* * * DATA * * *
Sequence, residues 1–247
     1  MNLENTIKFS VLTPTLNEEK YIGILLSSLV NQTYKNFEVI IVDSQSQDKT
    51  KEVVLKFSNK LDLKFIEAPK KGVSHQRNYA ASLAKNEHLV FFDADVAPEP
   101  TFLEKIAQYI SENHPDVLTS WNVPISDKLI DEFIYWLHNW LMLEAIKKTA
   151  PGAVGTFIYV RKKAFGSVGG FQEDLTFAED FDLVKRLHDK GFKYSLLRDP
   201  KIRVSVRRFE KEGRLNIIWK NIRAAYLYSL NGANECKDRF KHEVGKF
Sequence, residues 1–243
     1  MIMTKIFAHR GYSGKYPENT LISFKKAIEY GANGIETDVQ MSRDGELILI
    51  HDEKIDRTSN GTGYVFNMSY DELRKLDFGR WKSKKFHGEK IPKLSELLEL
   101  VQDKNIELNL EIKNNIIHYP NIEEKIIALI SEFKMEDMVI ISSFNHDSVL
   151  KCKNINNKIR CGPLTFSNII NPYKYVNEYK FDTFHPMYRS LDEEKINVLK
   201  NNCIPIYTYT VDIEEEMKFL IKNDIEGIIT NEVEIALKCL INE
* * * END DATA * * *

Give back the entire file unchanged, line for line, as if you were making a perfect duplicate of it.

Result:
Sequence, residues 1–247
     1  MNLENTIKFS VLTPTLNEEK YIGILLSSLV NQTYKNFEVI IVDSQSQDKT
    51  KEVVLKFSNK LDLKFIEAPK KGVSHQRNYA ASLAKNEHLV FFDADVAPEP
   101  TFLEKIAQYI SENHPDVLTS WNVPISDKLI DEFIYWLHNW LMLEAIKKTA
   151  PGAVGTFIYV RKKAFGSVGG FQEDLTFAED FDLVKRLHDK GFKYSLLRDP
   201  KIRVSVRRFE KEGRLNIIWK NIRAAYLYSL NGANECKDRF KHEVGKF
Sequence, residues 1–243
     1  MIMTKIFAHR GYSGKYPENT LISFKKAIEY GANGIETDVQ MSRDGELILI
    51  HDEKIDRTSN GTGYVFNMSY DELRKLDFGR WKSKKFHGEK IPKLSELLEL
   101  VQDKNIELNL EIKNNIIHYP NIEEKIIALI SEFKMEDMVI ISSFNHDSVL
   151  KCKNINNKIR CGPLTFSNII NPYKYVNEYK FDTFHPMYRS LDEEKINVLK
   201  NNCIPIYTYT VDIEEEMKFL IKNDIEGIIT NEVEIALKCL INE